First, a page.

• Former Training Ship “Arethusa”, moored in the Medway, and renamed the “Peking” was towed down the Thames passed Gravesend on her way to America where she became a museum.
• Mark Lane Youth Centre destoyed by fire. Twenty fireman fought the blaze for one hour.
• New PLA vessel “Benfleet” came into service, the most modern Port cutter (small, fast vessel) of her day. Based at the Royal Terrace Pier and fitted with equipment to deal with minor oil spills.
• The wreck of the “Northfleet” was located by divers off the North Kent coast. It was as a result of the loss of this ship that red flares as the international signal for distress were introduced. The white flares of the “Northfleet” had been mistaken as a call for a pilot. (See 1873) There was talk of raising the vessel from the sea bed.
• Excavations carried out at Clarendon gardens, Royal Pier Road revealed a length of Tudor wall forming part of a riverside Blockhouse Fort built during the reign of Henry VIII. The remains to be opened to the public when the excavations were completed.
• Interviewer Monty Modlyn from Thames television spent 3 days in Gravesham interviewing local people for a TV series called “A Town called … Gravesend” which was broadcast later in the year.
• Valley Lodge, old people’s home, Ifield Way, was officially opened at a cost of £151,000.
• New Police station, costing half a million pounds, in Windmill Street, officially opened after 3 years in construction. It replaced the inadequate and outdated police station that stood on the same site since 1940.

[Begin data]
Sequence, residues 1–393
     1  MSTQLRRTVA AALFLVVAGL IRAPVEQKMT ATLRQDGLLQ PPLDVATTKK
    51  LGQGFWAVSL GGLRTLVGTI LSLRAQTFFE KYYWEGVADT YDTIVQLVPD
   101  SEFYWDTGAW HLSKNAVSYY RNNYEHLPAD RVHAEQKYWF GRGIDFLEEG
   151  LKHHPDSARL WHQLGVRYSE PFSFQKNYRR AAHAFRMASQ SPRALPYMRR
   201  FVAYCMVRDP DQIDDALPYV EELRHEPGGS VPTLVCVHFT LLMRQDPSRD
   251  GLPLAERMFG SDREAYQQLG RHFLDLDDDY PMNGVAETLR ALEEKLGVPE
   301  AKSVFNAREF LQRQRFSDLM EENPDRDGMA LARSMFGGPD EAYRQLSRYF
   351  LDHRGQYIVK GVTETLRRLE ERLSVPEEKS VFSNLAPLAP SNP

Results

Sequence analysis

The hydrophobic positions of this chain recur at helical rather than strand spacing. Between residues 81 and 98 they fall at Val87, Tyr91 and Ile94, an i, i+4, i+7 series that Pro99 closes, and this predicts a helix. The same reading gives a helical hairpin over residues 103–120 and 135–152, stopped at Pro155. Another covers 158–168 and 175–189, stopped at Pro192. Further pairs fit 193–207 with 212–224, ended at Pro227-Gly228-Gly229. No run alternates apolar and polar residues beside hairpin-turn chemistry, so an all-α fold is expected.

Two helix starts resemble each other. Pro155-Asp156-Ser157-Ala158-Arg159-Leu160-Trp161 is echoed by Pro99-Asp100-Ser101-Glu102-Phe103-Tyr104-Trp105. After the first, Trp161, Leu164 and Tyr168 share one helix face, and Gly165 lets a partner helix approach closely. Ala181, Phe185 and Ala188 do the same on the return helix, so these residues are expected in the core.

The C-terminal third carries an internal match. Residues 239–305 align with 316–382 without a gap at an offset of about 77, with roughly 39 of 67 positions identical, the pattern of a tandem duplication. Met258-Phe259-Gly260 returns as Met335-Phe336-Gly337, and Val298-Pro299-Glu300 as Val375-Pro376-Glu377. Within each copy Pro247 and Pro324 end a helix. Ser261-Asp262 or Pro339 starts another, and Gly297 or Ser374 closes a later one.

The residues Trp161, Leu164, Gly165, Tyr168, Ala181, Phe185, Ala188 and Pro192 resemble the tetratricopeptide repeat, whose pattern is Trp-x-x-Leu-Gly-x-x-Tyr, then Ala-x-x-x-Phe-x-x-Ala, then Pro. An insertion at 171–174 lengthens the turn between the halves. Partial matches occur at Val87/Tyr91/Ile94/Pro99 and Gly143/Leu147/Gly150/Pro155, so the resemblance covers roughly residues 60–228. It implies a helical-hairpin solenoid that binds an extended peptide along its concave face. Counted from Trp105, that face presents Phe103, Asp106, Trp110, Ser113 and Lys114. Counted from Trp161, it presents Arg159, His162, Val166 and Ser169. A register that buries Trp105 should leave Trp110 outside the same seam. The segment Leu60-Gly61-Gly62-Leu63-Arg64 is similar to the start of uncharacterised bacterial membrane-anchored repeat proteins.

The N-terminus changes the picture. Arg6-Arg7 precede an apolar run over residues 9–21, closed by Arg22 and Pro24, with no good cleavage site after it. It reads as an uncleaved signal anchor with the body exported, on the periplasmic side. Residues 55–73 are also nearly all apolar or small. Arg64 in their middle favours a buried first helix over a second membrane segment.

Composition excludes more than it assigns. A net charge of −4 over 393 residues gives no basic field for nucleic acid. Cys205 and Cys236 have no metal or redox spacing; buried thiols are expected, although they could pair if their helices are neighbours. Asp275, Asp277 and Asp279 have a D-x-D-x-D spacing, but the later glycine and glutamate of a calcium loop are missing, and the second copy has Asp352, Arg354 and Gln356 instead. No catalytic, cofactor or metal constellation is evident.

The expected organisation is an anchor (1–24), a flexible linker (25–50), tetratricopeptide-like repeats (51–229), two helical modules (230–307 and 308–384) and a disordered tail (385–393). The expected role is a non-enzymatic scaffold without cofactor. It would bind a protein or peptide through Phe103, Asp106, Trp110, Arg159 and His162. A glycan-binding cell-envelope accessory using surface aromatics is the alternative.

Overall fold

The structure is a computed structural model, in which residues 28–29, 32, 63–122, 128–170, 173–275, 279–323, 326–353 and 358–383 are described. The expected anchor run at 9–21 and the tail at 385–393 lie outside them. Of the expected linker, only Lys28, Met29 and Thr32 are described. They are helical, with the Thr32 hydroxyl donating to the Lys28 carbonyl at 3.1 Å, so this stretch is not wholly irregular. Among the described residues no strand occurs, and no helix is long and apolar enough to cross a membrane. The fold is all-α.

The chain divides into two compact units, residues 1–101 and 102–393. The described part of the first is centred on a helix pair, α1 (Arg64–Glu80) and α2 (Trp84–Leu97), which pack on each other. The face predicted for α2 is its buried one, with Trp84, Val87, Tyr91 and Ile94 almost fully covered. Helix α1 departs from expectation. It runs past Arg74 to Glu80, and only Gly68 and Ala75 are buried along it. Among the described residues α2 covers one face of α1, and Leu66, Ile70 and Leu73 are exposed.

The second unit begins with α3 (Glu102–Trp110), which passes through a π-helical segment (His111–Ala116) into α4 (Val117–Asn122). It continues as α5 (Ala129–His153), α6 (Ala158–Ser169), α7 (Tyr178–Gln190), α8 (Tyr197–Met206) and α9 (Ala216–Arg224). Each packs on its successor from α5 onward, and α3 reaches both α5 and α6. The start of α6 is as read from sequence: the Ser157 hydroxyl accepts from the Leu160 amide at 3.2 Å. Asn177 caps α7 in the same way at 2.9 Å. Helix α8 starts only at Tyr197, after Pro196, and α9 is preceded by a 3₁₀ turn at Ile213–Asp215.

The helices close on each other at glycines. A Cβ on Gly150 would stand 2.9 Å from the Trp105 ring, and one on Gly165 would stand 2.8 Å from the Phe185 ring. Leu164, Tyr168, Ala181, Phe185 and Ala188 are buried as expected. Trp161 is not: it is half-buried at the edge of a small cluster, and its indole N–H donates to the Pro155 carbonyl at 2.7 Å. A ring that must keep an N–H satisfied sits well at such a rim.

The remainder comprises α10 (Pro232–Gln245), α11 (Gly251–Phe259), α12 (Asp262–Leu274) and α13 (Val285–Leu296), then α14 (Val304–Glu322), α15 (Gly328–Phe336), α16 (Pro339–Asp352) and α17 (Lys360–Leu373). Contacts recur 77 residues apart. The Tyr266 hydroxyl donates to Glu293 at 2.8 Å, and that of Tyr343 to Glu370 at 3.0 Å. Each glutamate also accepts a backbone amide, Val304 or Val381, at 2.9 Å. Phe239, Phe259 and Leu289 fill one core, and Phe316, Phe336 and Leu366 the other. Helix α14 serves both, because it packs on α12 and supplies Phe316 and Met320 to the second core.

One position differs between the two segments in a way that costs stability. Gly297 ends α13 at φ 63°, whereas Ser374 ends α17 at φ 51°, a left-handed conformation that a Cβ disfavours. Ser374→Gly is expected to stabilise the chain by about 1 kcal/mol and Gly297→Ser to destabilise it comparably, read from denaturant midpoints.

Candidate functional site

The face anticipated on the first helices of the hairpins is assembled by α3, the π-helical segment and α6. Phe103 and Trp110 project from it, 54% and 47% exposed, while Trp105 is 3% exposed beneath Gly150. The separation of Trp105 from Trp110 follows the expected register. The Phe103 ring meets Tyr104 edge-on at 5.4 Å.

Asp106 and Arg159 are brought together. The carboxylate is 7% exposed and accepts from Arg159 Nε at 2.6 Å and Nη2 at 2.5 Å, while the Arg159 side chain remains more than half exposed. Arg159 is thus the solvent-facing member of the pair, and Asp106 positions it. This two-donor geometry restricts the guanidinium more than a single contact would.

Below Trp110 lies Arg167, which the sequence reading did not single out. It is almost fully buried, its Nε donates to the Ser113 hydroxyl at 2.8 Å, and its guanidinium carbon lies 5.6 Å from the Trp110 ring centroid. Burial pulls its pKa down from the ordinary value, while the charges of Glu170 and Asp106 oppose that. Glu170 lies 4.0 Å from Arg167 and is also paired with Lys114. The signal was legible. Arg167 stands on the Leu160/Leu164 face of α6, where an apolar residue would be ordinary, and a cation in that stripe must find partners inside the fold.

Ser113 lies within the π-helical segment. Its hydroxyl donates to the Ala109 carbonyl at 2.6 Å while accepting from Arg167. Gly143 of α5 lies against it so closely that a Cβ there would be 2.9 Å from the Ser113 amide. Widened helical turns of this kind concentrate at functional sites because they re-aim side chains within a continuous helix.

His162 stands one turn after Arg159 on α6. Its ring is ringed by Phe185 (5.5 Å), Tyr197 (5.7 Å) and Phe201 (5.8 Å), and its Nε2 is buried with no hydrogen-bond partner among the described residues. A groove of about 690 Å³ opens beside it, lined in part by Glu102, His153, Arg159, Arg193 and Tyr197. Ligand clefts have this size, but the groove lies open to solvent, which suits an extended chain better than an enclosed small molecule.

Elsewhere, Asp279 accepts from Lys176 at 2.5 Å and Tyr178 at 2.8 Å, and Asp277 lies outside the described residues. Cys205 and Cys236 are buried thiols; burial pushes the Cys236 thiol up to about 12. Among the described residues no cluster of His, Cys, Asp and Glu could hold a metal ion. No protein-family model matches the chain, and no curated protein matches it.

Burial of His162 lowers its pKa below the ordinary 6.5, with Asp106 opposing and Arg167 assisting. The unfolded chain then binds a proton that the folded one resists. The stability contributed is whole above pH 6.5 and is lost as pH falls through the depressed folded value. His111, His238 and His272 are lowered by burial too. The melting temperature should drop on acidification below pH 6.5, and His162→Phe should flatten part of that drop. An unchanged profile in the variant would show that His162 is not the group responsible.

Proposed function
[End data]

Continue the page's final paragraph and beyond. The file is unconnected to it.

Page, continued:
• During a heatwave summer more than 4,000 people visited Gravesend’s open air swimming pool in just 2 days. The opening times were criticised as long queues formed outside, many queuing through the hottest part of the day in order to be first inside when the pool opened at 1pm.
• The Shrimper’s Regatta was revived as the “New Shrimper’s Regattta” taking place over the August Bank Holiday weekend. (See 1988)
• Meopham Branch library opened, the building being part of the Secondary School in Wrotham Road, also serving as the school library.
• Tailor, magistrate, soldier and charity worker, Mr Edgar “Gussie” Mole, one of Gravesend’s best loved and most respected figures died aged 79. Once proprietor of Nottons menswear at the Clock Tower and former director of the Gravesend & Dartford Reporter.
• A record 7lb 14 oz Bass was caught in the Thames off Shorne Mead Fort.
• The PLA “Clipper Regatta” a grand procession of sailing ships passed Gravesend. Over 60 ships representing 12 countries were taking part in a race to Sydney and back. The parade attracted one of the biggest crowds of spectators the waterfront has ever seen. It took nearly an hour for the fleet to pass the town.
• The campaign to improve the state of the canal basin got underway with a boat rally held in the basin.
• A man in Thong Lane grew a giant cucumber, weighing 4lb 14oz, 181/2” long and with a circumference of 125/8” it was grown in just 5 weeks.
• Fire caused several thousand pounds worth of damage to stock in a warehouse in Princess Street, which belonged to Chiesmans Store.